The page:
Congress Should Restore Program Integrity To Food Stamps By Requiring Enrollees To Report Out-Of-State Moves
- Millions of Americans change their state of residence every year.
- Food stamp enrollees frequently fail to report changes, including out-of-state moves, that affect their eligibility.
- States have weak reporting requirements and anti-fraud efforts, opening the door to costly fraud.
- Food stamp enrollees have used benefits for years after moving out of state.
- Some food stamp enrollees received benefits in multiple states at the same time.
Americans are on the move. In 2021, nearly eight million individuals moved to a new state.1 Food stamp enrollees are among those moving.
The food stamp program allows purchases to be made across state lines using an electronic benefits transfer (EBT) card, which functions like a debit card. Food stamp applicants are required to apply for benefits in their home state. But when enrollees change their state of residence, they must cancel food stamp benefits in one state before re-applying in their new state.2 Out-of-state purchases are permitted to uncomplicate interstate travel.3 They are not meant to become the default method for an individual or family with a differing state of residence.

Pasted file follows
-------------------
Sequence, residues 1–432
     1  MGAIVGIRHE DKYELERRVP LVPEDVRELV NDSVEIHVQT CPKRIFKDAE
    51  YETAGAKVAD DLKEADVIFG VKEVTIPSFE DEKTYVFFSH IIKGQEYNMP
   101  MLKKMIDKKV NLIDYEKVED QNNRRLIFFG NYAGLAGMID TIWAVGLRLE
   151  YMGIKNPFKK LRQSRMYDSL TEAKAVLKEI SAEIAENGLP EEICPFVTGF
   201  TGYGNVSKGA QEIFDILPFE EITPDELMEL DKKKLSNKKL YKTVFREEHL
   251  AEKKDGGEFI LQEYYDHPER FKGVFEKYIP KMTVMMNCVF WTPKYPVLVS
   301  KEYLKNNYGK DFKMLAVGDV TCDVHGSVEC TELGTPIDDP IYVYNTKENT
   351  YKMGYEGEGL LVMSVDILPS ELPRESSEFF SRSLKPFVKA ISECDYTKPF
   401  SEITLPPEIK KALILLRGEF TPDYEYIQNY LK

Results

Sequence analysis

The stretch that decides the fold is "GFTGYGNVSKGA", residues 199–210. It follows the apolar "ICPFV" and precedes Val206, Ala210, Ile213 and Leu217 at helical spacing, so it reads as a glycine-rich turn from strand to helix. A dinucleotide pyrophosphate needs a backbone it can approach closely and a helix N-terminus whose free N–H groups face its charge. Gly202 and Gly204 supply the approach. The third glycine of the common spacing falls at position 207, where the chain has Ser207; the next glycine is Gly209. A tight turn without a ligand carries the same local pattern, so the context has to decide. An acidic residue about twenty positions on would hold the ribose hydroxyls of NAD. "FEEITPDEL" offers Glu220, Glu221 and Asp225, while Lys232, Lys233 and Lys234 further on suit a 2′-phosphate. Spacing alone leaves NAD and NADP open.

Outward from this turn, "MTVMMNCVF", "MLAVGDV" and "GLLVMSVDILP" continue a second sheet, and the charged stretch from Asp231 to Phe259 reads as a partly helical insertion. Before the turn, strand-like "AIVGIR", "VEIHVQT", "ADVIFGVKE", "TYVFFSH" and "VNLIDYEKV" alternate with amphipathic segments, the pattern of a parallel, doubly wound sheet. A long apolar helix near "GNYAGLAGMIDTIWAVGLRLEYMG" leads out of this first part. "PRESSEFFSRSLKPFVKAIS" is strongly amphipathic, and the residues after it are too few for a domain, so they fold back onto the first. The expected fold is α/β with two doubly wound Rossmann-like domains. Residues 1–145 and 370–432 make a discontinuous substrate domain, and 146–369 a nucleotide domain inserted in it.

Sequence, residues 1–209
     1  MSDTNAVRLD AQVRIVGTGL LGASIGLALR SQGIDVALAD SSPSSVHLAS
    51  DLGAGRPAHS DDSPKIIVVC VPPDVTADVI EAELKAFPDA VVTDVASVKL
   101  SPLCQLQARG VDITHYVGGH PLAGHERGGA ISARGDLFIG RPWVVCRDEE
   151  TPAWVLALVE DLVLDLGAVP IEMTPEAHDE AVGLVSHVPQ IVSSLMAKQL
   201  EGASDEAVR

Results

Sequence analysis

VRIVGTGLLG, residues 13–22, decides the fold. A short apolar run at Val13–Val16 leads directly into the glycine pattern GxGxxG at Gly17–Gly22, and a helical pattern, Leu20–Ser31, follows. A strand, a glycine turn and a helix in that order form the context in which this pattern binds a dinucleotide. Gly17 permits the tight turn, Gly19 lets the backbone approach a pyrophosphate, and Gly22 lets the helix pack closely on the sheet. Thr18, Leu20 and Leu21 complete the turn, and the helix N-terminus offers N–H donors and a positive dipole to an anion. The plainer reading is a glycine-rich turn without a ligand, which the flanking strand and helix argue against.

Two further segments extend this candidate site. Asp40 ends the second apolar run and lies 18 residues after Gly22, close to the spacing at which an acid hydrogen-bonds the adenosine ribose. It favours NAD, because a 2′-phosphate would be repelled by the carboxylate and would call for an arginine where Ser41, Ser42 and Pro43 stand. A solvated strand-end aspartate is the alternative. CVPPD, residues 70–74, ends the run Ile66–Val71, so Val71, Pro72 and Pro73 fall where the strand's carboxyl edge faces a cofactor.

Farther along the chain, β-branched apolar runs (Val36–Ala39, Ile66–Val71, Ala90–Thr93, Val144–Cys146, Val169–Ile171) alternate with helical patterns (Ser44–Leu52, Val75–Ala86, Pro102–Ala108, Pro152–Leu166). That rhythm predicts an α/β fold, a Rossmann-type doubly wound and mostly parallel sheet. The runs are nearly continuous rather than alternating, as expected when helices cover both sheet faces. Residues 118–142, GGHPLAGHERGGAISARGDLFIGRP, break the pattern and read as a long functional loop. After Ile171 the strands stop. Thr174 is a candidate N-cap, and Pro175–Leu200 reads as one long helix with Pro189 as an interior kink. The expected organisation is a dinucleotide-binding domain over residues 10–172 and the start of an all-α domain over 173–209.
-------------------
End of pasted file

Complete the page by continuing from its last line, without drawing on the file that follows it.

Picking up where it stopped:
Though food stamp benefits are federally funded, states administer the benefits and pay for some of those costs. And without robust reporting requirements, state agencies are unable to keep up with food stamp enrollees’ out-of-state moves. Congress addressed this issue in 2017 but left it up to the U.S. Department of Agriculture (USDA) to define specific reporting requirements, which they have yet to do.4
Unfortunately, excessive use of food stamps out of state or out-of-state use for an extended period could indicate intentional misuse. Ensuring enrollees actually live in the state through which they receive benefits would ensure states are paying only for their residents. It would also curb fraud, prohibiting those who would game the system from keeping benefits active in their former state while applying for benefits on top of that in their new state of residence—a type of fraud called dual participation.
Moreover, food stamp spending has exploded, reaching a record high in 2022.5 In the four years between 2019 and 2022, food stamp spending nearly doubled.6 With that, fraud also surged.7 In 2020, more than 22,000 administrative disqualification hearings were held on eligibility fraud alone (not including trafficking fraud) where individuals intentionally made false or misleading statements.8
Curbing fraud in the food stamp program is necessary to reduce the program’s cost. Billions of dollars in food stamps are spent fraudulently that should have gone to the truly needy.9-10 Congress has an opportunity to stop the abuse by requiring food stamp enrollees to report their out-of-state moves within 10 days.
Millions of Americans change their state of residence every year.
The COVID-19 pandemic shook up the workforce, causing many Americans to move. Some of these individuals are dependent on food stamps or other welfare programs. In 2021, nearly eight million people moved to a new state.11 Moves between states made up nearly 19 percent of all moves in 2021, an increase credited to COVID-19’s effect on workforce mobility.12